But it's not just gender that is keeping people from getting diagnosed. You're also less likely to get diagnosed if you're racialized.
A 2013 study of more than 17,000 children in the U.S. found that Latino kids were 50 per cent less likely to be diagnosed with ADHD than white kids, and Black kids were 69 per cent less likely. This, despite evidence that kids show ADHD symptoms at the same rates across racial and ethnic groups.
ADHD is real — and genetic
The mere existence of ADHD is often seen as a controversial concept. Many people still believe that it's just an excuse for laziness, or an invention by pharmaceutical companies, or simply the result of watching too much TV or eating too much sugar.
But the science is clear: ADHD is a very real neurodevelopmental condition, and it has a lot to do with genetics.
"The evidence is overwhelming that our genome plays an important role in causing ADHD. The data go back four decades," says Steve Faraone, a professor at SUNY Upstate Medical University.
Scientists around the world — including Faraone — have conducted more than 30 studies on twins, suggesting that the heritability of ADHD is about 75 per cent.
More recently, he and a large team of international researchers looked at the whole genome of about 55,000 people and identified specific genetic variants that increase a person's chances of developing ADHD.
Researchers hope this will help destigmatize the condition and prove that it's real.
Faraone also wants to dispel the myth that ADHD is a cultural construct, pointing to solid epidemiological evidence from around the world.
"It's not, as some people like to argue, an American invention — not at all," he says. "It's everywhere."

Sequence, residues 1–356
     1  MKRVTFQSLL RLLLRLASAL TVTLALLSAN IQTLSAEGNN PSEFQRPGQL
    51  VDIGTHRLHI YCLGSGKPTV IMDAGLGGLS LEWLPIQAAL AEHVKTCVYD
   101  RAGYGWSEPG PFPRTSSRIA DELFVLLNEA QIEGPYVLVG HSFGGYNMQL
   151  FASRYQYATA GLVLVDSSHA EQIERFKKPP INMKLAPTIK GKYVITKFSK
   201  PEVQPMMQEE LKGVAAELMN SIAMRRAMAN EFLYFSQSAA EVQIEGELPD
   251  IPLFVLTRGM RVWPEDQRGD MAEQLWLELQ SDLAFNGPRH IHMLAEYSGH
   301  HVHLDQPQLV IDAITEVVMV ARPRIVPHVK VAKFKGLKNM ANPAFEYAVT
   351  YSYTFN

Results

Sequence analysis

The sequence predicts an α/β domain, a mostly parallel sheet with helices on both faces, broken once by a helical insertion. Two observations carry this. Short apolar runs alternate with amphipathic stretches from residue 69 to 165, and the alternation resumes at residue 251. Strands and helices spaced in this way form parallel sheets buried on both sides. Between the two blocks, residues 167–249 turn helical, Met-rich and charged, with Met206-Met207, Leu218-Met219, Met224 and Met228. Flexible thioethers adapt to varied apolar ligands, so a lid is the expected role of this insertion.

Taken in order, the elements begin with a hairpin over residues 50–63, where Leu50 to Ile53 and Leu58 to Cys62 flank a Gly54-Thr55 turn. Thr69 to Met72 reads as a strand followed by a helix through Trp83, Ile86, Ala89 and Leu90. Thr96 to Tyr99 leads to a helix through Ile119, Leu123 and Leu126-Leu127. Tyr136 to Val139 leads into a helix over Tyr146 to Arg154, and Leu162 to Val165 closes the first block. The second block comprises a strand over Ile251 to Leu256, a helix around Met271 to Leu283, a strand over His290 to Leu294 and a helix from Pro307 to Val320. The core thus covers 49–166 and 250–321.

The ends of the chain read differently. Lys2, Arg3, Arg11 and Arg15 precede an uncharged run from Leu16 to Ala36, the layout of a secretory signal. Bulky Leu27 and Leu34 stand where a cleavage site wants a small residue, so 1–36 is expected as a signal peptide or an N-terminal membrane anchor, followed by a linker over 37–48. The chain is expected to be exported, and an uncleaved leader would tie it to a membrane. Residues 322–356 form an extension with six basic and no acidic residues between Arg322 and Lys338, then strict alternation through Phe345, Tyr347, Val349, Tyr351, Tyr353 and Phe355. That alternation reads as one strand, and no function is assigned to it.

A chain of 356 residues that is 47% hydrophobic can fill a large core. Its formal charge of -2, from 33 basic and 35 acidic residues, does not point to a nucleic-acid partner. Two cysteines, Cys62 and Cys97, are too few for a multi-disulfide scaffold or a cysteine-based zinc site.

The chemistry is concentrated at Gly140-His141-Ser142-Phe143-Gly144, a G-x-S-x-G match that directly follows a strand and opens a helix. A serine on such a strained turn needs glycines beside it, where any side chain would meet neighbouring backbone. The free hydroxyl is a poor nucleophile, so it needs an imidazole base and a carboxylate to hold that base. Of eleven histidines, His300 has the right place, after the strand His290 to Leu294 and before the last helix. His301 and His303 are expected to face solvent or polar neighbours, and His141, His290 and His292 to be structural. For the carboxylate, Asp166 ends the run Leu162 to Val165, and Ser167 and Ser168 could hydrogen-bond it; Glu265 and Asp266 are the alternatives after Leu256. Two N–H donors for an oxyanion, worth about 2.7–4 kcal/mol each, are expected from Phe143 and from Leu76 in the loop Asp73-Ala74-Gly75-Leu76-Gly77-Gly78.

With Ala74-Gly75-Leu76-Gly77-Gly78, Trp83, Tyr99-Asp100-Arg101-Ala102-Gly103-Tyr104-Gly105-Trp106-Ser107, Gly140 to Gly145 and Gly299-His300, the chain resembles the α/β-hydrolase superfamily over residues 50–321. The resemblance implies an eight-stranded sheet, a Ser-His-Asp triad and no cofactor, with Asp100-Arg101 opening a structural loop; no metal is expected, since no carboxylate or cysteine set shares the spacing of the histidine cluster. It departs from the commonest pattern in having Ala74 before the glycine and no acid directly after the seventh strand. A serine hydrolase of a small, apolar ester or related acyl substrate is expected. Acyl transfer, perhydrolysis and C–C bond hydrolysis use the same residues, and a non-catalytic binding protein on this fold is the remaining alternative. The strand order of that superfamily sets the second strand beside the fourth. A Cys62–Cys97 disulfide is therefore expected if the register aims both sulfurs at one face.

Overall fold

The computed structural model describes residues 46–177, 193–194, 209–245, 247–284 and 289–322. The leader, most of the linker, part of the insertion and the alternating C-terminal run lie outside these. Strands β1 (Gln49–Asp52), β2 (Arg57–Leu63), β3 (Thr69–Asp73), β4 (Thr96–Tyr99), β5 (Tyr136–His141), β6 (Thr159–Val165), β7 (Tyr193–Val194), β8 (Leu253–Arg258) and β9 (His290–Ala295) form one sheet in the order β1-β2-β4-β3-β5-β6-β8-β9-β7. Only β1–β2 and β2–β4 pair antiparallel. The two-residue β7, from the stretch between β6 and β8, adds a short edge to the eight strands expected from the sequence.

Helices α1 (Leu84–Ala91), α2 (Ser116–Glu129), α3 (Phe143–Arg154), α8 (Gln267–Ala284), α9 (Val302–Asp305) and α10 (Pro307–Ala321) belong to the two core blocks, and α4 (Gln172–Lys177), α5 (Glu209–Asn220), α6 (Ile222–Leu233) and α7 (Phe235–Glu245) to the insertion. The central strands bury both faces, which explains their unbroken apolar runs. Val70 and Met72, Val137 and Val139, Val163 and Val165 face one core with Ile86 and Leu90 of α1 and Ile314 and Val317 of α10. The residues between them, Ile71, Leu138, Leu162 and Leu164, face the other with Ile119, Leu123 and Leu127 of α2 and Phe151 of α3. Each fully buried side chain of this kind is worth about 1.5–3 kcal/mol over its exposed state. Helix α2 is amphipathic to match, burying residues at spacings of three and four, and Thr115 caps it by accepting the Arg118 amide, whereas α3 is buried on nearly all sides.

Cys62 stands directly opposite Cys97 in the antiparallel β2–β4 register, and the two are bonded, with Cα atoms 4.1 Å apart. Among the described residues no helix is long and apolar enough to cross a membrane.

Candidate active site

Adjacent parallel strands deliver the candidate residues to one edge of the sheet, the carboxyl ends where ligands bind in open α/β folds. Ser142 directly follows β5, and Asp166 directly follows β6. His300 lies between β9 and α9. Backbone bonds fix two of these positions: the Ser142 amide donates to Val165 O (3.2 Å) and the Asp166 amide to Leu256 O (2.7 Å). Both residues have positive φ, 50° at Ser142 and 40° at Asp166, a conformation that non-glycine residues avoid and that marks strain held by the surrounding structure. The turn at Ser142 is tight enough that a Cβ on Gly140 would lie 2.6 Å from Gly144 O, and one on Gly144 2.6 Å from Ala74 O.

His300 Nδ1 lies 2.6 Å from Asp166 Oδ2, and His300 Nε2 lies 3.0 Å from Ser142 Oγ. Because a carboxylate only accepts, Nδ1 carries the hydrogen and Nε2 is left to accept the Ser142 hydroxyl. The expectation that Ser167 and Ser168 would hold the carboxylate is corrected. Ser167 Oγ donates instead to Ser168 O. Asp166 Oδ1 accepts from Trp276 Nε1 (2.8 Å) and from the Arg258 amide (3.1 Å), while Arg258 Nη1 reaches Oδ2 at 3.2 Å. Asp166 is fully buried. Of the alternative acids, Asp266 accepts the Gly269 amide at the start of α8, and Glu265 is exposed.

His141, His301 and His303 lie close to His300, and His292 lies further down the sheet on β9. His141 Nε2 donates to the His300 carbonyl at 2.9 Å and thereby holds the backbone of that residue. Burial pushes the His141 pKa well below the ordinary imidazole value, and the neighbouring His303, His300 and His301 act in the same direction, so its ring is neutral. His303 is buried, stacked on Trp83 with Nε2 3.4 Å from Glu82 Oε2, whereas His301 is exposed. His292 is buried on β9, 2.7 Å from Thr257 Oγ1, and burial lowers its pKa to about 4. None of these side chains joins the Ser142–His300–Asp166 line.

ADHD can also be a good thing
Part of the stigma surrounding ADHD is due to the fact that it's often framed as a flaw or deficiency — which is unfortunate, because I've discovered that this kind of brain wiring actually comes with a lot of gifts.
For example, studies have found that people with ADHD tend to be highly creative thinkers, who may find new ways of approaching a problem that others hadn't thought of.
"The difficulty with compartmentalization can also lead to more fluidity, and connection between ideas, and creativity and risk taking," Solden tells me.
And because people with ADHD have what some experts call an "interest-based nervous system," we can become extremely passionate about learning every possible fact about a topic or idea we're interested in.
For a journalist like me, that's a pretty useful skill.
Society wasn't built to accommodate our ways of thinking and behaving.- CBC producer Allie Jaynes
There's no question that having ADHD can be extremely difficult, and diagnosis and treatment can be life-changing.
But I'm also sympathetic to the growing neurodiversity movement, which calls for conditions like ADHD and autism to be seen not as deficiencies, but as simply neurological variations with their own gifts and challenges.
At the end of the day, so much of what makes life hard for neurodivergent people has nothing to do with us — it's that society wasn't built to accommodate our ways of thinking and behaving.
And my hope is that the more the myths and stigmas about our conditions can be challenged, the further we'll be able to shift towards a culture that makes room for every kind of brain.